There is a lot of confusion surrounding fat and whether it is “good” or “bad”.
There are some people that say fat makes you fat, while others say fat should make up the majority of your diet. Who is right?
Well, the answer is somewhere in between these two extremes. Body size, weight goals, and medical issues can all affect the amount of fat that a person should eat along with the type they need to prioritize.
What do we need fat for?
Fats are our top energy providers. They have the highest caloric value and provide approx. 9 calories per gram – that’s about twice as much as protein or carbohydrates (the other 2 macronutrients).
However, if we consume more energy in the form of fat than our body needs, it will be deposited in our fat stores.
Even though we usually think about fat stores when we want to lose weight, a certain amount of fat is important to keep our body healthy.
What fat does for us:
Protects and insulates our organs
Absorbs liposoluble (fat-soluble) vitamins A, D, E, and K
Regulates production of hormones
And much more…
What are fatty acids and which ones are healthy?
The fats we eat can contain different types of fatty acids, including saturated fatty acids, unsaturated fatty acids, and trans fats.
#1 Saturated fatty acids
This type of fatty acid can be mainly found in animal products like butter, cream, and cheese, but also in some vegetable fats like palm or coconut oil.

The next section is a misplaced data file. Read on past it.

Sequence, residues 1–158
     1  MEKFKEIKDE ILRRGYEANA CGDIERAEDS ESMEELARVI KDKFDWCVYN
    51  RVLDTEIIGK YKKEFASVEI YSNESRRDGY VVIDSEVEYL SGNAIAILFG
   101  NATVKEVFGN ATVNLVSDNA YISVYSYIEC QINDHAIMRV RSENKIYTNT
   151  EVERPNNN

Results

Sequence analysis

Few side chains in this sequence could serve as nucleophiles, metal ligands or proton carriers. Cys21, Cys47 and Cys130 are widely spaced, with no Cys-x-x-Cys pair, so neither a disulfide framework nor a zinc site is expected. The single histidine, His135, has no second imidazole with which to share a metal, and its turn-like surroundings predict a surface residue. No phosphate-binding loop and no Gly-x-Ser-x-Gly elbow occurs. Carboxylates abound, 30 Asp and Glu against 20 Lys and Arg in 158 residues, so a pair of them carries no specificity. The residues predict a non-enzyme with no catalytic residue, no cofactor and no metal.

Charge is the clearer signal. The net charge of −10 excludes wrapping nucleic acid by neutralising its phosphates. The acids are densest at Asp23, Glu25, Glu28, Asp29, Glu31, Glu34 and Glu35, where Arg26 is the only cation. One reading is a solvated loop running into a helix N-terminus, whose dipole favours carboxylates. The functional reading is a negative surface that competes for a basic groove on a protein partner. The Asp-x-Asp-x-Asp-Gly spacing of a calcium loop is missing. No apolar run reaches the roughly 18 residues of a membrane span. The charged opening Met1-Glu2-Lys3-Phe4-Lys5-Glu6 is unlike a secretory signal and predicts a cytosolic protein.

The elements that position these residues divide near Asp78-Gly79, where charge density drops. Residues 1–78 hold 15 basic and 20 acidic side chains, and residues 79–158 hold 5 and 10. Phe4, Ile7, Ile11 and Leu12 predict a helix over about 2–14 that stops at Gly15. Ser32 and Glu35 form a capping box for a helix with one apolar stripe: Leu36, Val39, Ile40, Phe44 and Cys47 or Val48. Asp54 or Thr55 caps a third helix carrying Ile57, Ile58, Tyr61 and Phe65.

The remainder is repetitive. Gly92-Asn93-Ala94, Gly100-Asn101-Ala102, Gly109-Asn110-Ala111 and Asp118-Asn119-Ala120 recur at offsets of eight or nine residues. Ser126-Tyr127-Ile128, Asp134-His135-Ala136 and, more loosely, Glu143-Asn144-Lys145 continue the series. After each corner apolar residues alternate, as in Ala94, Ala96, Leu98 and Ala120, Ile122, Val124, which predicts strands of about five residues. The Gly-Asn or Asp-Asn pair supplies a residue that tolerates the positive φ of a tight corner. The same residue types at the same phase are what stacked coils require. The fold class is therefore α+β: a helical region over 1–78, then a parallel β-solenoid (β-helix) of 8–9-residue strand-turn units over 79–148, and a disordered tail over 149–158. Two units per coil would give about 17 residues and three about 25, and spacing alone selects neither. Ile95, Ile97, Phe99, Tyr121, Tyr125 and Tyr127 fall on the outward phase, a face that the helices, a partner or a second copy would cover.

Are saturated fats healthy?
Saturated fatty acids are also referred to as “unhealthy” fats, however, recent research discovered that saturated fats play a crucial role in maintaining health.(1) Our body has essential fat that is supported by saturated fat intake, and it helps our body thrive. There are layers of fat around organs for protection, fat membranes around cells for regulation, and fats that help with hormone production.
Let’s be clear though, you don’t need to start eating sticks of butter for breakfast so that you can increase your saturated fat intake.
What are good sources of saturated fat?
If you are not following a vegetarian or vegan diet, you are most likely getting enough saturated fat from the animal products you are already eating. These sources include but are not limited to eggs, milk, cheese, butter, ghee, chicken, beef, pork, salmon, etc.
For the non-meat eaters out there, there are still plenty of ways to consume healthy saturated fats. Avocados, nuts and seeds, coconut, coconut oil, chia seeds, and dark chocolate all contain saturated fat to support these processes.
#2 Unsaturated fatty acids
Unsaturated fats can be mainly found in vegetables oils, such as canola, olive, sunflower and peanut, and avocados, nuts, and fatty fish.
Are unsaturated fats healthy?
Unsaturated fats provide the most benefits. They help protect the brain, decrease injury and inflammation, keep the heart healthy, and more.
You can think of these fats as the protectors of your body. They fight to keep your body healthy from negative stress that can be harmful.
The omega-3 and omega-6 fatty acids
A distinction is made between omega-6 fatty acids (contained in sunflower, corn, and soy oil) and omega-3 fatty acids.
Omega-3 fatty acids protect the cardiovascular system while preventing heart disease. Moreover, they positively affect our cholesterol levels by raising the so-called “good” cholesterol (HDL) and also play a vital role in brain development.